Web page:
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Service-Learning: Preparation, Action, Reflection

​Service-learning projects must include academic preparation, service activities, and structured reflection.

1. Preparation

Equipping students with the knowledge and skills needed for service. This includes teaching students about their community and how to identify needs, as well as providing them with the specific skills needed to perform the service activity. It should include an exploration of why it is important to perform service and what it means to be an active citizen. Ideally, service-learning should be used to teach curricular objectives, so preparation activities could be tied to classroom lessons.

Examples: having a speaker come in to teach students about working with elderly residents in a nursing home before going to visit the site; having a representative from the United Way or a Volunteer Center come and talk about the volunteer opportunities in a community; performing a research assignment about the issue the service relates to (homelessness, recycling, etc).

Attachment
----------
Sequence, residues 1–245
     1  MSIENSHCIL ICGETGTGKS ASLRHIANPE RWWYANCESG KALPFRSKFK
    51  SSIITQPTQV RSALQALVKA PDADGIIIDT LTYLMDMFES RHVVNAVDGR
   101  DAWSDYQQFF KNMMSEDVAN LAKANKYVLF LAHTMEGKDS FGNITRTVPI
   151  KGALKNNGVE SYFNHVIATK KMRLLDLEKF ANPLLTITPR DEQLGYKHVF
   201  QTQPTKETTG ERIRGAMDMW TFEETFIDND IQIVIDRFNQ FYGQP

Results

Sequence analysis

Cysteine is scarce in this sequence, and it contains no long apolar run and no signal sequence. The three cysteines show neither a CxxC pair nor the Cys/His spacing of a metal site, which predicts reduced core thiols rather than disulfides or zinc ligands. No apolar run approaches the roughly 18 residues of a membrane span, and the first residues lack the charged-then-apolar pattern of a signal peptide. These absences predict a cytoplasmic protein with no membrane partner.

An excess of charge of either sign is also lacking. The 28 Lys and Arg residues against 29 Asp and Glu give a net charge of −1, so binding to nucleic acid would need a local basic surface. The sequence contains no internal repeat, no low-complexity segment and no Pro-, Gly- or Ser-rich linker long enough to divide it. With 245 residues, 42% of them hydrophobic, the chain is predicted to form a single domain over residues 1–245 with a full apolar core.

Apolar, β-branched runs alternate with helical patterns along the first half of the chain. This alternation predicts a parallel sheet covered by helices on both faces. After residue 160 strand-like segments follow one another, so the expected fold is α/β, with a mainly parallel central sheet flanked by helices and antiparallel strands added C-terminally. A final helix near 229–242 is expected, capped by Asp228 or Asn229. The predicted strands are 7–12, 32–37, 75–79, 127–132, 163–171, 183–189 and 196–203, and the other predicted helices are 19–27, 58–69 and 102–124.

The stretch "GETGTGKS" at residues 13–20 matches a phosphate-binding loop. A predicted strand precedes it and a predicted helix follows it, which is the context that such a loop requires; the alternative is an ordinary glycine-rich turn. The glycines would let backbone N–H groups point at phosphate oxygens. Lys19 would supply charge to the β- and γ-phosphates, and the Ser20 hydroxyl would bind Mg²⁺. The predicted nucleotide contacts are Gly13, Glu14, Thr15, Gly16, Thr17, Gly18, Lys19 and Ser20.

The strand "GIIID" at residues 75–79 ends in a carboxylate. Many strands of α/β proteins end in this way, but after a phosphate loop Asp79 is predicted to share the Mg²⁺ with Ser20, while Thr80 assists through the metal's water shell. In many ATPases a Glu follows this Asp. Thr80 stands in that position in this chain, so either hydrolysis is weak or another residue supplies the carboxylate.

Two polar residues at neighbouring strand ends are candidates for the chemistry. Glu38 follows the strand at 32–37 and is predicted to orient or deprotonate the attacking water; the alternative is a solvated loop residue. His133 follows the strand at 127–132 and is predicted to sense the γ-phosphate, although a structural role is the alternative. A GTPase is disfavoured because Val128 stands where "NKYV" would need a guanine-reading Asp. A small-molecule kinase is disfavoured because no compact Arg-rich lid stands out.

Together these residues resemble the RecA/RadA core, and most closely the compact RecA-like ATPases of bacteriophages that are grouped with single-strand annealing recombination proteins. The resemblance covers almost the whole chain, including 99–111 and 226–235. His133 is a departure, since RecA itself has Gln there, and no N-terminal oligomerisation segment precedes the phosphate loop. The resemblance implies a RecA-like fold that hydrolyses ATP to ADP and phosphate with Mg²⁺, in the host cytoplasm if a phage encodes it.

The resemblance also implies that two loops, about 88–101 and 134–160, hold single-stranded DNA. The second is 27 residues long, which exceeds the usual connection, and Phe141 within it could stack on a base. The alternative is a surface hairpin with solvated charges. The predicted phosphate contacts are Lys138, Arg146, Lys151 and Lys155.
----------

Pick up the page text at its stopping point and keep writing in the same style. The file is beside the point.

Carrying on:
2. Action

Performing one or more of the following activities:

Direct Service: Students have face-to-face contact with the service recipients. For example: tutoring; serving meals at a homeless shelter; working with the elderly in a nursing home, etc.

Indirect Service: Students perform a service without having face-to-face contact with the recipient. Usually resources are channelled to help alleviate a problem. For example: food & clothing drives; thons or fundraisers; environmental projects, etc.

Advocacy: Students educate others about a particular issue with the goal being to eliminate the cause of a particular problem. For example: writing letters to legislators or editors; preparing and displaying posters, plays, or other educational materials for others, etc.

3. Reflection

Thinking about the service performed and how it impacted the community. Considering what worked well and what could be changed to make the project better. This contemplation and evaluation should occur throughout the service experience, not just at the end of the project.

Examples: responding to guided questions in a journal; having a classroom discussion; preparing a piece of artwork or skit about the service experience; videotaping the project and reviewing/discussing it afterwards, etc.

For more reflection activites, try:

Contact Information:
Reginald Burke, M.S.
Director, Youth Development Branch
Maryland State Department of Education
410-767-0313 office